Sociology of the Family / SS 330
Dr. Tricarico, PhD
Room 121/Medical Arts
(718) 631-6015 -6015
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The family is the basic social unit. Its importance in contemporary American society is reflected in passionate ideological discourse about its appropriate configuration and role (e.g., same-sex marriage). This course examines the way Americans live in families, with emphasis on the major shifts that have occurred in recent decades. Topics under discussion include patterns of courtship and mate selection; the ideals of romantic marriage and the companionate family; the negotiation of a new sexual division of labor within marriage; the construction of a family microculture; the culture of divorce; trends in childrearing and child care, and; alternative family and household forms.
Readings will be distributed in class and placed on library reserve (one flight down from the main desk). A recommended text is the reader, Family in Transition, edited by Skolnick and Skolnick (Allyn and Bacon, 2002). The syllabus lists readings from this volume.
Readings are incorporated in class discussion and students are responsible for keeping abreast of relevant readings. Timely reading keeps you informed about discussion topics and, thus, enhances your ability to contribute. Readings are also expected to enrich your written work.
Readings will be distributed in class and placed on library reserve (one flight down from the main desk). Students have the option of purchasing texts for their personal use. Readings are incorporated in class discussion and students are responsible for keeping abreast of relevant readings. Timely reading enhances your ability to contribute to class discussion. Readings are also expected to enrich your written work.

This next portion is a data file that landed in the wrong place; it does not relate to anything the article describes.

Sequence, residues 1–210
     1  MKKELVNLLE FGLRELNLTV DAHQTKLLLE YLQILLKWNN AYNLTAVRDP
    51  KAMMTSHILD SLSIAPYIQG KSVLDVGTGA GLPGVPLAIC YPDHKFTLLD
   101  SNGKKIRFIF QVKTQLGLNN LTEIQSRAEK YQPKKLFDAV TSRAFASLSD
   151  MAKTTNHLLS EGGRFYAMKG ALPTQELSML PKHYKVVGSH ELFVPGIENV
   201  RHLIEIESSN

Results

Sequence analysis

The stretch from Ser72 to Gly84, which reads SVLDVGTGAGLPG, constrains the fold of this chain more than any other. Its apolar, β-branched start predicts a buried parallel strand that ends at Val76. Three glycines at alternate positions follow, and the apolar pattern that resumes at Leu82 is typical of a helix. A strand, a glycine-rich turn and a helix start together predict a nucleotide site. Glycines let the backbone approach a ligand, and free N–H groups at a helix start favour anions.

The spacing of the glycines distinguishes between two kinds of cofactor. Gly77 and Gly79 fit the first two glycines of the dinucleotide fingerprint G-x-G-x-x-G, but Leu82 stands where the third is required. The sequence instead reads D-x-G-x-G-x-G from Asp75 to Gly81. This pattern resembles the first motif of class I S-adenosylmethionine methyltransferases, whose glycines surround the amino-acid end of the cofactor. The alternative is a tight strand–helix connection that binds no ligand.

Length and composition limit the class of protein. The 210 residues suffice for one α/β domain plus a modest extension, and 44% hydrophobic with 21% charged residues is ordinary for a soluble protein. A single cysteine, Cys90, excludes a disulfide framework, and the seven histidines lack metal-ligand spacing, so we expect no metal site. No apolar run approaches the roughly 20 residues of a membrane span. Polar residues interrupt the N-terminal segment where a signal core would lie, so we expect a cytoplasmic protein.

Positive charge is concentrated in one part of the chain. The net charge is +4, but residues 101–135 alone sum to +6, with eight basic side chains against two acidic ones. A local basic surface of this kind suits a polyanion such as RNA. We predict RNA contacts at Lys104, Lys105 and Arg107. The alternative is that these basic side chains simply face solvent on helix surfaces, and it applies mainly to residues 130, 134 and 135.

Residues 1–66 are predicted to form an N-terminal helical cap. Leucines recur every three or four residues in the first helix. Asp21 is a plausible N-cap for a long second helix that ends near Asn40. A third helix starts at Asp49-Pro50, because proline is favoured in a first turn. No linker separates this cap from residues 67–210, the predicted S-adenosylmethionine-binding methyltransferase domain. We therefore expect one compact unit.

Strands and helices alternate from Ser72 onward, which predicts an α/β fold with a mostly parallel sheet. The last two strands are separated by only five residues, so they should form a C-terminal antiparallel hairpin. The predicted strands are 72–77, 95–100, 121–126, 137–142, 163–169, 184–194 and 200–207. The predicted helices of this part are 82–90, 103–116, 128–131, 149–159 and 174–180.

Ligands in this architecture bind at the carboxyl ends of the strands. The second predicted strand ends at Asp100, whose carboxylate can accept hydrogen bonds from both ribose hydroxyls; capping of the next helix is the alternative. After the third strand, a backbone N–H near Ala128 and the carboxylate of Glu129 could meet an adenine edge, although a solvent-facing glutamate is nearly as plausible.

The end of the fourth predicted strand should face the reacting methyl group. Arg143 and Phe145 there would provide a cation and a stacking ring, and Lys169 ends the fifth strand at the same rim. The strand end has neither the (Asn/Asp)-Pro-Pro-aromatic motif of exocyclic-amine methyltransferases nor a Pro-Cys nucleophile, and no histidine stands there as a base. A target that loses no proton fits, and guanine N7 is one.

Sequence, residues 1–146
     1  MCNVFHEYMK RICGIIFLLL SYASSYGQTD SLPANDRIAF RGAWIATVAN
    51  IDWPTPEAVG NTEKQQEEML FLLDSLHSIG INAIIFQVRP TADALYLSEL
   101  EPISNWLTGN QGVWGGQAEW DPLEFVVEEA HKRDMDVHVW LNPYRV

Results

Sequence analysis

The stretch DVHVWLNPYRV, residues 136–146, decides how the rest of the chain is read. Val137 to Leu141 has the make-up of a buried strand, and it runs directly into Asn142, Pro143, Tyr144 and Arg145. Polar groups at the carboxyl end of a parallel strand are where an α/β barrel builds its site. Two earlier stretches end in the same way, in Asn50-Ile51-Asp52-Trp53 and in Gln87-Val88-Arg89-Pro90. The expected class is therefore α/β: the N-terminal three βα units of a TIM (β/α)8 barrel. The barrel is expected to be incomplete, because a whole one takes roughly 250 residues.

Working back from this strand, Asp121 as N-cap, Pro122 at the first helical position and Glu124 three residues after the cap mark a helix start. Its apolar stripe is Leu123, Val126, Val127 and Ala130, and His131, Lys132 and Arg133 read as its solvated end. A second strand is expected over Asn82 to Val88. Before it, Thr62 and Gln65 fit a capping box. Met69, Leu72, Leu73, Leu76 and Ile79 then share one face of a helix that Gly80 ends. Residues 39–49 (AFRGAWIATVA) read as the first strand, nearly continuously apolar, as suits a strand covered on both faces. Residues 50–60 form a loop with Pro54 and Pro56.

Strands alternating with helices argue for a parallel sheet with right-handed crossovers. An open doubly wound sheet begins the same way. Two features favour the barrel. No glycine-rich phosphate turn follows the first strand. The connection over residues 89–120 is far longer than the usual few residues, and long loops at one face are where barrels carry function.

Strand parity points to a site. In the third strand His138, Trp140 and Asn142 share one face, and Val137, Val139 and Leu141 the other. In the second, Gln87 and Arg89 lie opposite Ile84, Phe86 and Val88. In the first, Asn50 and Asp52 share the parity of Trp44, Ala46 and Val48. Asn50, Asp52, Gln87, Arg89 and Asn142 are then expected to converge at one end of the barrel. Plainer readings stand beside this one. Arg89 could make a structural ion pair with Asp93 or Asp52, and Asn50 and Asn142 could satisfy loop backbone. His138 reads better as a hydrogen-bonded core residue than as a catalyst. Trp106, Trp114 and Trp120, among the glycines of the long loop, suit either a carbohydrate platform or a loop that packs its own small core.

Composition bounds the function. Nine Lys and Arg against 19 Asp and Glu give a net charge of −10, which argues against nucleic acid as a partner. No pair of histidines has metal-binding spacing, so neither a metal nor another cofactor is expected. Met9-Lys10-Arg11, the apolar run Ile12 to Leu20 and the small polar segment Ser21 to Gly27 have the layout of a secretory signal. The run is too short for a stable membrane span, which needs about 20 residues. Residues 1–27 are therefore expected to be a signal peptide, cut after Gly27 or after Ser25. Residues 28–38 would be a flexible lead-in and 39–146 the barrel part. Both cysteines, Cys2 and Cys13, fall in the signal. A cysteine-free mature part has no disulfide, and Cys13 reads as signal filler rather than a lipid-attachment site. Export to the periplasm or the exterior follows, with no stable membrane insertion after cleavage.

Students will complete up to 6 research projects throughout the semester. The projects entail the interpretation of data collected from observations and interviews of subjects in contemporary living arrangements. They are coordinated with class discussion, required readings, and Internet lab work. Students will present their “work in progress” in class as the basis for a discussion grade. Class presentations will serve as an occasion for the revision of writing projects. Written research reports comprise 80% of the course grade. The remaining 20% is based on contributions to class discussion, including the presentation of research.
The QCC attendance policy permits 6 hours of absence per semester for a 3-credit course. Excessive absence will require documentation and can impact your grade.
Some Ground Rules
Students are asked to be on time for class and to abide by common sense etiquette of class behavior. Students are expected to be prepared for class presentations and to submit written work on a timely basis. Problems with the submission of assigned work should be discussed with me.
As a student, you share responsibility for a rewarding learning experience.